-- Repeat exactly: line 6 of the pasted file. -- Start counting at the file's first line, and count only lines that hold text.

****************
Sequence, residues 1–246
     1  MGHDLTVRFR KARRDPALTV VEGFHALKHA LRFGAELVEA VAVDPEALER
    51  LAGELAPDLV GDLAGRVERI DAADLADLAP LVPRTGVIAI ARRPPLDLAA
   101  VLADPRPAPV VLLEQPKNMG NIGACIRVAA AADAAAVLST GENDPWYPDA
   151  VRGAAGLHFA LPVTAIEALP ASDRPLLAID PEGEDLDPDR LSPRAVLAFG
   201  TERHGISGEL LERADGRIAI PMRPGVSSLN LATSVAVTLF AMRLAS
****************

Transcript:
   201  TERHGISGEL LERADGRIAI PMRPGVSSLN LATSVAVTLF AMRLAS